Book Review | Young Jane Young by Gabrielle Zevin

Authour:
Gabrielle Zevin
Format:
E-galley
Publication date:
August 22nd 2017
Publisher:
Algonquin Books
Source:
Received from publisher in exchange for an honest review.

Review:
I adored Gabrielle Zevin’s The Storied Life of A.J. Fikry, and was intrigued by the synopsis of Young Jane Young as it focuses on the relationships between mothers and daughters.

Young Jane Young is told through multiple perspectives, starting with the mother of the titular “Jane” who is actually Aviva Grossman, a former intern who had an affair with the Florida congressman she worked for. Afterwards, we are filled in on what happened to Aviva now going by the name, “Jane’s” before moving on to the perspective of Embeth, the congressman’s wife. I also liked that we see how Jane’s decisions still have an impact on her life several years later. And it’s interesting how the author chooses to have the last chapter in the book be styled in a Choose Your Own Adventure manner as it gives the reader greater insight into “Jane’s” thought process when she was younger. However, this was a bit confusing at first as I was reading an e-galley copy and couldn’t turn the pages, though I eventually realized that it wasn’t actually a chapter where the reader is actually given the opportunity to “choose” what happens as “Jane” has already made her choices.

It’s wonderful to have women be the dominant voice in this kind of political narrative for once, and Zevin does an excellent job of making each woman feel like a real person that the reader can empathize with. An engrossing, and a surprisingly empowering read at times, Young Jane Young takes the refreshing approach of focusing on the women who are affected by a political scandal making it equal parts entertaining and enlightening.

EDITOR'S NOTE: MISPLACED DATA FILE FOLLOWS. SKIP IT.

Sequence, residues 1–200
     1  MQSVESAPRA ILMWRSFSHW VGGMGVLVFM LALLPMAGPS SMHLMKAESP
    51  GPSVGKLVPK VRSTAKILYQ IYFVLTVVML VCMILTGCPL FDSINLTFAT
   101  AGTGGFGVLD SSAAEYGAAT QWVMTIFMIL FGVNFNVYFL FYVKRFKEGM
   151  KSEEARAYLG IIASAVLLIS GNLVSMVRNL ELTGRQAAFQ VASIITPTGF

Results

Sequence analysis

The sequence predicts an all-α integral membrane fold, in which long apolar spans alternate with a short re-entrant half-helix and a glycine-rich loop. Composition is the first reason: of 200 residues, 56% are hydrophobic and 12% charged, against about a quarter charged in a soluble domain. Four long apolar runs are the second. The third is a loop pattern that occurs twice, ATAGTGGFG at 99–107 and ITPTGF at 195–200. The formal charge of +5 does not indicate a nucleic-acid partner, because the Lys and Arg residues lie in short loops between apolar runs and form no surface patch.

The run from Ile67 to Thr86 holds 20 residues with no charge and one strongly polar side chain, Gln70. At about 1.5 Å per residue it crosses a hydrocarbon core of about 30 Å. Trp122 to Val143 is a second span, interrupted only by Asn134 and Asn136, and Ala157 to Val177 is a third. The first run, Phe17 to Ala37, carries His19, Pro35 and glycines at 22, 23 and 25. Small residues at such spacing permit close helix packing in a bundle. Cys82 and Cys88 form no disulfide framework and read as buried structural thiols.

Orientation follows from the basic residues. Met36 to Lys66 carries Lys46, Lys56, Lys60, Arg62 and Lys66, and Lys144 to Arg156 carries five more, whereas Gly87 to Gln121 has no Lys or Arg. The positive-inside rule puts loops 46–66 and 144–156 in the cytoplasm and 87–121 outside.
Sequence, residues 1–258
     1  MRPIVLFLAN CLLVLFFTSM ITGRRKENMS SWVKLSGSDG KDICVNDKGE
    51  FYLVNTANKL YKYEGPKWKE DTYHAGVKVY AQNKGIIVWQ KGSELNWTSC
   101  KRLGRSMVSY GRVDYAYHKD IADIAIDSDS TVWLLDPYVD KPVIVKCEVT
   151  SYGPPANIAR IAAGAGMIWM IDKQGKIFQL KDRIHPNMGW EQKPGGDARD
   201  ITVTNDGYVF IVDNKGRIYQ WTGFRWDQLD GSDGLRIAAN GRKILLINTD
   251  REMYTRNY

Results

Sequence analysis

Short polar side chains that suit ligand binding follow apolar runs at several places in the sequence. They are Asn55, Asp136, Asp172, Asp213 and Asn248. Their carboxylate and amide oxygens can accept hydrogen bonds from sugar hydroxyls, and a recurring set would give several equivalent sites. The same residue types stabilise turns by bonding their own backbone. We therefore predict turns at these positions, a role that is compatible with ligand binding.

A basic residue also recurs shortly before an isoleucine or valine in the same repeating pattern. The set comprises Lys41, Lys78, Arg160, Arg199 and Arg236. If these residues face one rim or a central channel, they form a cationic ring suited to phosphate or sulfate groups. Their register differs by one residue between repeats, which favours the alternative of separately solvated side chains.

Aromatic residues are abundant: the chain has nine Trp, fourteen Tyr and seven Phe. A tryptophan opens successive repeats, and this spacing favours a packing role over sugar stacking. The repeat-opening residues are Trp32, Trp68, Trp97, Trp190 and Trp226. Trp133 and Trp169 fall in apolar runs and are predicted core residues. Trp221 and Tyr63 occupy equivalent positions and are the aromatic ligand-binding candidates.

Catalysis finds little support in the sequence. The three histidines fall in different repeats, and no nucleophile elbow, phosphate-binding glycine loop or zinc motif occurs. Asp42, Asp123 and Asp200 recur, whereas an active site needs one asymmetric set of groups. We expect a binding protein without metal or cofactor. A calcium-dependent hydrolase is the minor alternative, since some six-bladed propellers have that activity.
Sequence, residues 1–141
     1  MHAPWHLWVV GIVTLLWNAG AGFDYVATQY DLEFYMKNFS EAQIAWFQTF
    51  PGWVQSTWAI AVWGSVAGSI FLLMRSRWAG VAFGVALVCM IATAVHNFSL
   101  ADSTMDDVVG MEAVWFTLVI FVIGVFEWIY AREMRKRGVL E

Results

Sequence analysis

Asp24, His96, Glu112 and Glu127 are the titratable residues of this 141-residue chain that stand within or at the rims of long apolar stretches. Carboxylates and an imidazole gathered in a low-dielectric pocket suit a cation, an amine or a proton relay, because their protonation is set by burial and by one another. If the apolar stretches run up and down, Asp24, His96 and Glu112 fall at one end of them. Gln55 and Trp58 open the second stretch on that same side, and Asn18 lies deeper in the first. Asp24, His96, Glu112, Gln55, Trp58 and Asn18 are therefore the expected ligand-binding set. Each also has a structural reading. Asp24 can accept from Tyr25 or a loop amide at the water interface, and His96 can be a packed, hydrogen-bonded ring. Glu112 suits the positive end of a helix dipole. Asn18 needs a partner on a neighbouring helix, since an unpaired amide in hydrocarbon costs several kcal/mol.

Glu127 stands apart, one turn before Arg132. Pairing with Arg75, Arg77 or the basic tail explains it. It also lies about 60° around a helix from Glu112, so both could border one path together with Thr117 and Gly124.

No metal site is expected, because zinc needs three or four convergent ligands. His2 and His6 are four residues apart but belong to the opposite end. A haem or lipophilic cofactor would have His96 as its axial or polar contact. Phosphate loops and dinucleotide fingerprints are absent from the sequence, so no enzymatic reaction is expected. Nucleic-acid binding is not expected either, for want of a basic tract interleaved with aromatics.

Regardless of how this book came into my possession, the above review consists of my honest opinion of the book and my opinion only.

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Book Review | The Last Days at Café Leila by Donia Bijan


cafeAuthour:

Donia Bijan
Format:
ARC, 289 pages
Publication date:
April 18th 2017
Publisher:
Algonquin Books
Source:
Received from publisher in exchange for an honest review.

Review:
I’m a huge foodie, which was why Donia Bijan’s The Last Days of Café Leila  appealed to me. That, plus the cover is gorgeous!

Set in a post-revolutionary Iran in the city of Tehran, The Last Days of Café is a story that is told across time and through three generations of a family through the use of flashbacks and character recollections with the titular cafe being the one stable presence throughout. We follow Noor as she returns to Iran to her ailing father and his failing cafe after being gone for so long after being sent to the USA by her father for her “protection”. As a result of her return, the reader starts to learn more about her family’s tragic past, and the difficult decisions that her father Zod, was required to make.

The prose throughout this book was incredibly beautiful, as evident from the descriptions of Iran and all the food that was being prepared. The authour’s background in the culinary arts have truly shone in this book, as all the food description made my mouth water. On top of that, the book made me wish that there was an actual Café Lelia that I could visit as I would love to visit Iran if such a place as Café Lelia existed there.

Another thing I enjoyed about this book was just how powerful it was. I love the fact that it was a story of a family falling apart and eventually coming together in addition to being a story of great loss (and perhaps greater love, and not just the romantic type). My heart truly broke as I read about what actually happened to Noor’s mother, and how Zod had kept the truth to himself for all these years in order to protect his children.

A poignant and emotionally powerful tale, The Last Days of Café Leila is a book that compelled me to stop and appreciate the family I have. It also taught me so much about the immigrant and the student experience in the USA, as well as the history of Iran and how its history shaped it into the country it is today. Definitely recommended for those who enjoy rich family sagas and books that feature food.

Regardless of how this book came into my possession, the above review consists of my honest opinion of the book and my opinion only.